Wir haben ihnen Romanautoren gesandt": Aras Ören's Eine verspätete Abrechnung and Güney Dal's Der enthaarte Affe
In this chapter I propose the thesis that Ausländerliteratur [foreigner literature], a problematic area of inquiry in German studies throughout the 1980s, is now undergoing a conceptual shift: earlier emphasis on workers' politics and the Ausländer [foreigner] status moves now toward an increased concern with the politics of aesthetics and the relation between worker and artist. I examine this movement in two current novels, Aras Oren Eine verspätete Abrechnung ( 1988) and Güney Dal's Der enthaaite Affe ( 1988). Both novels revolve around the relationship between a Turkish worker and writer living in West Berlin. Whereas the worker has figured often in Ausländerliteratur, the writer has not; earlier identification between writer and worker is thus complicated. Ören and Dal's desire to be taken seriously as writers, not as Third World sociological phenomena, may be seen as cause and effect of the similar character configuration and the aesthetic issues raised. Both books may be read as commentaries on the category of Ausländerliteratur itself. Referring to the Gastarbeiter [guest workers], Max Frisch once wrote, "Man hat Arbeitskräfte gertifen, aber es kamen Menschen" ["A labor force was called, but human beings came instead"]. Güney Dal's modification of this is well worth noting and it is in this spirit I explore the novel: "Wir haben ihnen Romanautoren gesandt" ["We have sent them novelists"].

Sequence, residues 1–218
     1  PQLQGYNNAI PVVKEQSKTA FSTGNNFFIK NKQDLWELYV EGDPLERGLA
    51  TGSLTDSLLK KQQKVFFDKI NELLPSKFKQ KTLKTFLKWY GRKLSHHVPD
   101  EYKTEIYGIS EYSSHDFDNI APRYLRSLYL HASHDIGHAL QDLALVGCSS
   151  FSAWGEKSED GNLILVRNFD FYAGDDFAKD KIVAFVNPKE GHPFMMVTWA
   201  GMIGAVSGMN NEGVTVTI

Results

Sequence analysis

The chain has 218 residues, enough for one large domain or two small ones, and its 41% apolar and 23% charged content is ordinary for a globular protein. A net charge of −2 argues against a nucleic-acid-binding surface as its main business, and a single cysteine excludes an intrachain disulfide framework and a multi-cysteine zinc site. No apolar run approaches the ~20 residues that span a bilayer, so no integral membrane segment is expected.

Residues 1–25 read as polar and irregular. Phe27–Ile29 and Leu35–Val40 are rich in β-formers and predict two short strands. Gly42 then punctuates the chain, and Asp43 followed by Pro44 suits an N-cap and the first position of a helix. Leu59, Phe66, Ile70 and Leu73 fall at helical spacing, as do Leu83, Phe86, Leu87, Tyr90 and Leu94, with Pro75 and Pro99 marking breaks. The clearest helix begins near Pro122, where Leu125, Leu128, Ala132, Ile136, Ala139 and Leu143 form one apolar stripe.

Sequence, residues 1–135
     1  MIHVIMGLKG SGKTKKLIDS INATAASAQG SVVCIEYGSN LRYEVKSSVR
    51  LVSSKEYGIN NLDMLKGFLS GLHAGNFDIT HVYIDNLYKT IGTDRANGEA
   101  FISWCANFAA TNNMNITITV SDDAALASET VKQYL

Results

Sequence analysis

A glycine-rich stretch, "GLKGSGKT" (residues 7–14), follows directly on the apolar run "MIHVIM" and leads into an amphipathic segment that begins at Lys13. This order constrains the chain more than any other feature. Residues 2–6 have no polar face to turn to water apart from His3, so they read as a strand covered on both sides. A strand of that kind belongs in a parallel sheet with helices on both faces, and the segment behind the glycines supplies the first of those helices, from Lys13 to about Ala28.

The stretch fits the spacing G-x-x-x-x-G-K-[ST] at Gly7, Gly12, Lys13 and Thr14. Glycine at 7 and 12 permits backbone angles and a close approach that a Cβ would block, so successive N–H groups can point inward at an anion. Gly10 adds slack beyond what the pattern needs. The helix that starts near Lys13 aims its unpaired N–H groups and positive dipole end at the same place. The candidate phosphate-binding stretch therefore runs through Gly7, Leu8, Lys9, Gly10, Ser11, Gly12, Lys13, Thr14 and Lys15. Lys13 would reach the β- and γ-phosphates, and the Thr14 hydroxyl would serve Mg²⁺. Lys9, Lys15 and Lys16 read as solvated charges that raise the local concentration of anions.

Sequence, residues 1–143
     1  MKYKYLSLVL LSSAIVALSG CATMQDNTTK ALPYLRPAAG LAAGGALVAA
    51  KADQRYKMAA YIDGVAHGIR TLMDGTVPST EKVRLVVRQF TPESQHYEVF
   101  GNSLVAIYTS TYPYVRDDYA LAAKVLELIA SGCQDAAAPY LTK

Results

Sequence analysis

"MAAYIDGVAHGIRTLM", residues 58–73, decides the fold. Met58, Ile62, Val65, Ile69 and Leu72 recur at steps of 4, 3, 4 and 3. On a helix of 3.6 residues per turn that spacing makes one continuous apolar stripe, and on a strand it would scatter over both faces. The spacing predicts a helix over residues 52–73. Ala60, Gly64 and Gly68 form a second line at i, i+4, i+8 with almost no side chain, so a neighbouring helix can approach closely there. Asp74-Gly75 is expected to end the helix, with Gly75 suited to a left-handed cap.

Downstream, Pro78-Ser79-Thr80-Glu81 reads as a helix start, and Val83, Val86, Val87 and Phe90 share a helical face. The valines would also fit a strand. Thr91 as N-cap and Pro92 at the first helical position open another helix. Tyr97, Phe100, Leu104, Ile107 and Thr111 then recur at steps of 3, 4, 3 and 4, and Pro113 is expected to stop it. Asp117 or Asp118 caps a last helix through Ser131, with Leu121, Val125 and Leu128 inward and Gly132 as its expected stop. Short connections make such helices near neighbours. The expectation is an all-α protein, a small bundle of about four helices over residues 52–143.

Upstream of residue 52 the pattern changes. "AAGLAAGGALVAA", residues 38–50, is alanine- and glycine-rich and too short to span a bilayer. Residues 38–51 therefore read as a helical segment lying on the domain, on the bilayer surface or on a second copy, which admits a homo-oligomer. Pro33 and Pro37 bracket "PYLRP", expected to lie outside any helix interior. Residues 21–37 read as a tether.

Aras Ören montage novel Eine verspätete Abrechnung, Der Aufstieg des Gundogdus [A Delayed Settlement. The Rise of Gundogdu] focuses on the lives of the first-person narrator, a Turkish writer, and Ibrahim Gundogdu, an economically successful Turkish worker. They encounter one another three times: in Turkey, in the train ride from Turkey to Germany, and on the streets of Berlin twenty years later, where the novel begins. In Turkey, the two meet